- Discover and Bank of America embrace account-to-account (A2A) payments, which lets customers pay for purchases directly from their bank accounts.
- These new payment solutions may help limit interchange costs for merchants.
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The news: Two major card issuers are enabling account-to-account (A2A) payment solutions.
Discover is reportedly partnering with payments fintech Buy It Mobility (BIM) so its partner merchants can accept card-free payments, per The Wall Street Journal. Customers can pay directly from their bank account using merchants’ apps, and transactions will use the Automated Clearing House (ACH) network. The firms are expected to announce their partnership later this week.
Bank of America is letting UK ecommerce merchants accept A2A payments with Pay by Bank, per a press release. To use the solution, customers choose Pay by Bank at checkout and select their bank from a menu—the feature isn’t exclusive to Bank of America customers. Transactions are authenticated using
Discover’s opportunity: The integration reduces Discover merchants’ reliance on card payments, which helps them save on interchange fees (the fees networks charge merchants to accept card payments). Those savings can be passed down to the customer in the form of discounts, which can help spur adoption and repeat purchases—leading to tighter merchant relationships for Discover.
Discover may be using the integration to improve its positioning as a payment provider: Increased use of the ACH network, which typically powers A2A transactions, for B2B payments and healthcare transactions is set to open a pathway to use it for retail payments. ACH volume grew 8.7% year over year in 2021.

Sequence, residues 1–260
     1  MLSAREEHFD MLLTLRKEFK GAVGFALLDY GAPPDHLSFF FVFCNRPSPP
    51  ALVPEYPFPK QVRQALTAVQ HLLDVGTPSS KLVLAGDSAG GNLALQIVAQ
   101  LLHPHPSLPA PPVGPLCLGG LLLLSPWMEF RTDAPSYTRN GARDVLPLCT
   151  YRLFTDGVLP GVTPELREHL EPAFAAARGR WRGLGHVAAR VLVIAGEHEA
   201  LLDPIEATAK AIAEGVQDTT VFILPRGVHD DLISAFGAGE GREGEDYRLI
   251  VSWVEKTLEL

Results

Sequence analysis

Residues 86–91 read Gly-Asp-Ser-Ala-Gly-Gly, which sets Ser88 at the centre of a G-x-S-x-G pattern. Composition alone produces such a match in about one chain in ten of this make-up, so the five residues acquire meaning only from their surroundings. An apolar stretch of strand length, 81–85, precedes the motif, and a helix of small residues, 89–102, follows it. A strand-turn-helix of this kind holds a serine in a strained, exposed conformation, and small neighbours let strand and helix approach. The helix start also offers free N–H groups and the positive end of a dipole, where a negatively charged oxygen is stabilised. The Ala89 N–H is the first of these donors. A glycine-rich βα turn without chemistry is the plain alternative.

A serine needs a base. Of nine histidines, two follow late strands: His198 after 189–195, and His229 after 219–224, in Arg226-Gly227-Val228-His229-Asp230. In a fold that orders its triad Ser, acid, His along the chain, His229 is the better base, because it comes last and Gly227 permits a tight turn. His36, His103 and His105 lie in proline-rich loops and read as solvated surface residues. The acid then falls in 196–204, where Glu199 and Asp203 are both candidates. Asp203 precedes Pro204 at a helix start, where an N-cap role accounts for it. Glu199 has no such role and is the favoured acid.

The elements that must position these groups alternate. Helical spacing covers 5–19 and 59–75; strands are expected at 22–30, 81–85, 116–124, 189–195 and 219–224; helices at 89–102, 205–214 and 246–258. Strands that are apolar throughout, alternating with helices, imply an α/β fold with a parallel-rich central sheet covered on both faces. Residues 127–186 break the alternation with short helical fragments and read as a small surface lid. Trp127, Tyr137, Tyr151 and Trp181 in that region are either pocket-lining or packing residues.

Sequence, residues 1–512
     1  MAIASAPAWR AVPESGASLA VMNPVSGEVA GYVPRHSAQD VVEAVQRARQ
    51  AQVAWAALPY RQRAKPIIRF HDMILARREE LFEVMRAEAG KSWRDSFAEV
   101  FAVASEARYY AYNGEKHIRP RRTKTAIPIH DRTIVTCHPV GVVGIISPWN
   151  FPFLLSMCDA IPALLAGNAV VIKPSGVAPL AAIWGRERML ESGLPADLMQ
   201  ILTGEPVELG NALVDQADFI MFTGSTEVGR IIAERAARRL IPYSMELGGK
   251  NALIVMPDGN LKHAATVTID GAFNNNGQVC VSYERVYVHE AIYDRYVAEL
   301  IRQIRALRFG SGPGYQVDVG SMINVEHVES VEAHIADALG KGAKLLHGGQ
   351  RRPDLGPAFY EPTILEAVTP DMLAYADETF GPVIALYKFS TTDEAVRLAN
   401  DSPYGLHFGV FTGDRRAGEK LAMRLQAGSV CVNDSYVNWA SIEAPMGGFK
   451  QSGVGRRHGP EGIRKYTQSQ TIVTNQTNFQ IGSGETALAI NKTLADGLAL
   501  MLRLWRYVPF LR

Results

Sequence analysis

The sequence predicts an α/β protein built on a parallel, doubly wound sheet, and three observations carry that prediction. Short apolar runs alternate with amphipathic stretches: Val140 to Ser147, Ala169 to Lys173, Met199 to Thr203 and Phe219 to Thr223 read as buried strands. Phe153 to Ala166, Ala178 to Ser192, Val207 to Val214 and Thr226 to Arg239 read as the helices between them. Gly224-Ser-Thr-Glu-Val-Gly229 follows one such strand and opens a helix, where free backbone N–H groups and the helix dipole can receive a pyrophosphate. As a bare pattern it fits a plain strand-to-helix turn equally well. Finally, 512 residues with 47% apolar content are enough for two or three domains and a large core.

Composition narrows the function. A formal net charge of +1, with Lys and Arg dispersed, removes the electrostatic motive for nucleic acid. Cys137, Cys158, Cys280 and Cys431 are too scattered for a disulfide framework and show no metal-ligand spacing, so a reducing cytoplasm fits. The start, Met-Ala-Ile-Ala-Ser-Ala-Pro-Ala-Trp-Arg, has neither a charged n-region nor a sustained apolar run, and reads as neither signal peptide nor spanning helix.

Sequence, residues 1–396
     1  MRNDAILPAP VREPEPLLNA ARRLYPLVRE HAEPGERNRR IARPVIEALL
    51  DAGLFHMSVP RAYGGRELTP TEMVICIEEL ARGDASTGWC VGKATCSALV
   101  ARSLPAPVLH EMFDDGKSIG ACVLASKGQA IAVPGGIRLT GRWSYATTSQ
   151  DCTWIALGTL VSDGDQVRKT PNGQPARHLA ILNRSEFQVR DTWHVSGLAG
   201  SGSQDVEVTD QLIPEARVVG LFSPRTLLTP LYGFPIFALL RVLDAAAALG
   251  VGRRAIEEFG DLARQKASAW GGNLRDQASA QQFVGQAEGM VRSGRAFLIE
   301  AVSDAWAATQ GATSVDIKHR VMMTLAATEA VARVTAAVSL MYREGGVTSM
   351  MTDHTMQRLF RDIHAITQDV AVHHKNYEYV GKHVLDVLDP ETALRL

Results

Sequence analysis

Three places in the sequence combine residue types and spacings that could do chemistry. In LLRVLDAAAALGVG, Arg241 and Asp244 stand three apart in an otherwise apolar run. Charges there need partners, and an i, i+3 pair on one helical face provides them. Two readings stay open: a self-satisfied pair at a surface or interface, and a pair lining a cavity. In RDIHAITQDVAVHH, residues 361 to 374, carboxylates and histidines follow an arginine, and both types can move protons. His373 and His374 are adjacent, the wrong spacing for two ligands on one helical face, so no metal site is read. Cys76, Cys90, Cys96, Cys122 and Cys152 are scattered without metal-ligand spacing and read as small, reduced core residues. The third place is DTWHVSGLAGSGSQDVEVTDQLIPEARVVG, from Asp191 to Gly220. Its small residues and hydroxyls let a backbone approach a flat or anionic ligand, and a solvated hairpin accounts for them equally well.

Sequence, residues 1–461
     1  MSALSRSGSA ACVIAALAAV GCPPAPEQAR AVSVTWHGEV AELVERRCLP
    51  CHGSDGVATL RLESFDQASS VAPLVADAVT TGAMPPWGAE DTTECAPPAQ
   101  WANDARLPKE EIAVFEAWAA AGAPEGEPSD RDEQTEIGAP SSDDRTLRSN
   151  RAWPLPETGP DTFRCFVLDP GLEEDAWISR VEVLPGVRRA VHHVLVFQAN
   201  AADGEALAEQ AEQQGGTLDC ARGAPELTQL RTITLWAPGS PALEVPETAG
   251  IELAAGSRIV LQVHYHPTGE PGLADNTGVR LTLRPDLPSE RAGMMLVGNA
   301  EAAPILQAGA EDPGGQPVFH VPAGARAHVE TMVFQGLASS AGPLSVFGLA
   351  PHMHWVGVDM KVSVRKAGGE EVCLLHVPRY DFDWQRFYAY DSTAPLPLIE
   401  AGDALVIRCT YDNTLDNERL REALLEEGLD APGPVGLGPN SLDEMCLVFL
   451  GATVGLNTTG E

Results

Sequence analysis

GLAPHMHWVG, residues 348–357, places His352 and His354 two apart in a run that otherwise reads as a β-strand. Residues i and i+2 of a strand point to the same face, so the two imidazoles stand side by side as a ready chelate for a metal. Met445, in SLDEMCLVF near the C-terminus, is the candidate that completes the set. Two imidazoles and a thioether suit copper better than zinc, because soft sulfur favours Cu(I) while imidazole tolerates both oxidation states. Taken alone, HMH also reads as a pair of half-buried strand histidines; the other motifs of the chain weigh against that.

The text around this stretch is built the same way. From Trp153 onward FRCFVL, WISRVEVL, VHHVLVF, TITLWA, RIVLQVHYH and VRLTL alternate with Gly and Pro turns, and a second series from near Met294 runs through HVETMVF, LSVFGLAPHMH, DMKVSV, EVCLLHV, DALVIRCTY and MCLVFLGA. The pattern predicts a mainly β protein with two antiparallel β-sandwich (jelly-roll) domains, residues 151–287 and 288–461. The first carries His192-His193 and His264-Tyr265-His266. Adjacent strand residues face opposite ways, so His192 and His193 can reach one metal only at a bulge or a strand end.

Bank of America’s opportunity: Pay by Bank can make Bank of America a more attractive merchant solutions provider for retailers because it lets them offer more payment options. And like Discover, Bank of America’s offering also helps limit the amount in interchange fees that merchants pay.
Bank of America plans to bring Pay by Bank to additional markets, and the US could be soon considering the issuer’s large presence in the country. Expanding the solution globally can give Bank of America a stronger connection to open banking—a sector that fintechs like Plaid and Mastercard-owned Fincity are quickly gaining traction in. Transactions facilitated by open banking are expected to hit a value of $116 billion globally by 2026, according to Juniper Research.
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